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WINS / By Rica Roy in India

Female cricket coaches are in high demand in India after successful stints in inaugural WPL

Anju Jain was the assistant coach of the UP Warriorz in the inaugural WPL and says the experience has changed her life. (Supplied: Anju Jain)

You may not have heard the names Anju Jain, Hemlata Kala or Nooshin Al Khadeer. But all three women have made a name for themselves in Indian cricket.

Before the Women's Premier League (WPL), opportunities for female coaches were few and far between.

But former Indian wicketkeeper Jain says the WPL has changed her life.

"I was left without words," Jain said.

"The moment [it was announced] meant a lot to me, personally.

"I had been an Indian cricketer for 12 years and a coach for longer, but this was life-changing."

Anju Jain played as a wicketkeeper and right-hand batter for India and is now coaching women in the game. (Supplied: Anju Jain)

Out of the five teams in the WPL, two had women as head coaches. Charlotte Edwards led the Mumbai Indians and Rachel Haynes the Gujarat Giants.

Jain was assistant coach of the UP Warriorz and has embraced an influx of work after her stint with the team. She says now, there's no doubt she's in the right place, at the right time.

"Last year my work began in August and the season in India ended in March," she said.

"This year it will begin in May as the age group camps of the National Cricket Academy's zonal centres begin."

Al Khadeer is a former Indian team bowler and took up the role as bowling coach for the Gujarat Giants.

The former world number one wicket taker says female coaches are now a lot more visible.

"The WPL has brought more in professionalism. Coaches are treated with a lot more respect than they were earlier.

"It has just rendered another complexion to women's cricket wherein people inside and outside are more respectful of the job we do."

Nooshin Al Khadeer is a former India bowler and was bowling coach for the Gujarat Giants. (Supplied: Nooshin Al Khadeer)

Indian coaches in high demand

Indian coaches like Jain are now sought after, with their calibre being recognised by leagues across the globe.

At the recent Fairbreak Invitational in Hong Kong, a tournament that was the brainchild of former Australian all-rounder Lisa Sthalekar, Jain was head coach of the Tornadoes.

In the tournament, a total of 90 players from 28 countries were spread across six teams.

"It is a great opportunity, my team consists of 15 girls from 10 countries," Jain said.

"The learning that I have here helps me return as a better coach."

Al Khadeer feels this is just the beginning, with Indian coaches now able to dream of plying their trade in the Women's Big Bash League (WBBL) or the Hundreds.

"There is a lot of exchange of culture, ideas, and strategies," Al Khadeer said.

"The WPL has given us the opportunity to get noticed and get call-ups from teams in other leagues."

Benefits amid compromises

Hemlata Kala, former Indian cricketer and assistant coach of the Delhi Capitals, feels the WPL has opened up opportunities for further learning too.

She says she wasn't good at holding a conversation in English, but being in a dressing room with coaches of other nationalities helped her pick it up.

"The problem I faced was that mostly I speak in Hindi and my coaches were English spoken," Kala said.

"Despite that, I adjusted well. In the beginning I was anxious about settling in, but my colleagues and the cricketers also helped me feel at home. I feel I can work in the foreign leagues now."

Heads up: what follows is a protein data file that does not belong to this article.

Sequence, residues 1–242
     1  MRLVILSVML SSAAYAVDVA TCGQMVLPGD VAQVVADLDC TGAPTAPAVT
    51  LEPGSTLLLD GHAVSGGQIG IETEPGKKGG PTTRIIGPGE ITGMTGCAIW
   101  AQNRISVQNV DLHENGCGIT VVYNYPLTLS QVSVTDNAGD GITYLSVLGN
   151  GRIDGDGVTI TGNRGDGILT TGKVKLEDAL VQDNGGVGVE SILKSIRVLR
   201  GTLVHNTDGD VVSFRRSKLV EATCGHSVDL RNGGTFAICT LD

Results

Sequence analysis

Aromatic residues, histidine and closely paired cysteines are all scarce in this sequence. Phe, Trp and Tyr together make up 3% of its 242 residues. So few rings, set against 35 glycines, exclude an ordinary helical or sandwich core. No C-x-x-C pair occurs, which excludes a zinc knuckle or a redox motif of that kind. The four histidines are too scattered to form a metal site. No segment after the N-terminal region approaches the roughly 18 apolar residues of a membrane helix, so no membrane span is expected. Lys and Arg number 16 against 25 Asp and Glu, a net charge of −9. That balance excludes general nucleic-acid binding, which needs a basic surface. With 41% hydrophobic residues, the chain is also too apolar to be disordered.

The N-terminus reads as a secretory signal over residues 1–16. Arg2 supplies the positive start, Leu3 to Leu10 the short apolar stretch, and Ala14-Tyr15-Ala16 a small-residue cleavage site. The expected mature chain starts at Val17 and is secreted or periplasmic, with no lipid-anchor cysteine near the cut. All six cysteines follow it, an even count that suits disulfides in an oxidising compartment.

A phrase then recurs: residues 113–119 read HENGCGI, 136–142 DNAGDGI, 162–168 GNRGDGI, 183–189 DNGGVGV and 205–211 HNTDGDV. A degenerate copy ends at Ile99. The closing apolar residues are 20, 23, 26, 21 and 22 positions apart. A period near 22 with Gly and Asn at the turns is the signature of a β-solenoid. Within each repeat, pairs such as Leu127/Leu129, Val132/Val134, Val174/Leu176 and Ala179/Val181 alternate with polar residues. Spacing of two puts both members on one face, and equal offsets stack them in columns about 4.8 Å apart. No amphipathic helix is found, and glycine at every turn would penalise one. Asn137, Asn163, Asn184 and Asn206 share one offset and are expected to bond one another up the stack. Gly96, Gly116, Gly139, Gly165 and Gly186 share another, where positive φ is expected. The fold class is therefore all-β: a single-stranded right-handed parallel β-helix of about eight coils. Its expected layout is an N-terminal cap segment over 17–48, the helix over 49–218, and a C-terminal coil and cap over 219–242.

On the other hand, with work now year-round, the female coaches stay in camp with the team more often. It means more time away from their families.

'With opportunities challenges will come," Kala said.

"One has to either have a good support system or build a support system."

The way forward

According to Kala, money also talks.

"When men's IPL started, we thought when would we get this money, this exposure?" Kala said.

"In 2017 when I was selection committee's head, I went to Rajasthan to pick girls for the World Cup and there were 30 to 40.

"After 2017 there were more than 150 girls up for selection. That is because the Board of Control for Cricket in India had announced a five million rupees ($91,000 AUD) cash prize.

"It made parents believe that cricket could be a serious career.

Nooshin Al Khadeer and Shafali Verma hold the Under 19's Women's World Cup trophy. (Supplied: Nooshin Al Khadeer)

"The financial benefits through WPL will help the talent pipeline grow and so will the quality of cricket and life of a woman cricketer."

According to Al Khadeer, the same goes for coaches.

"A women's team coach has unlimited opportunities now," she said.

"Coaches like us, who work round the year have the opportunity to earn much more because what we used to earn in 6 months to a year earlier, we now earn in 3-4 months.

But ultimately, the silver lining is forging the way for future generations.

"We are laying the foundation for coaches to come in the next 7-10 years," Al Khadeer said.

Jain agrees.

"Most girls are discouraged beyond a certain age because parents want them to study, to get married," she said.

"WPL is causing a shift in the mindset. The new-age parents are seeing potential in performance.

"As mentors and role models we need to convince all parents that devoting time to cricket in the initial years is not bad, because even if a WPL contract does not materialise, her future is secure."

Rica Roy has 22 years’ experience covering sport in India. She is currently the Sports Editor of NDTV and anchors the award-winning TV show, Turning Point.

She is a member of ABC International Development's Women in News and Sport Initiative, funded by the Australian Department of Foreign Affairs and Trade through the Team Up program.

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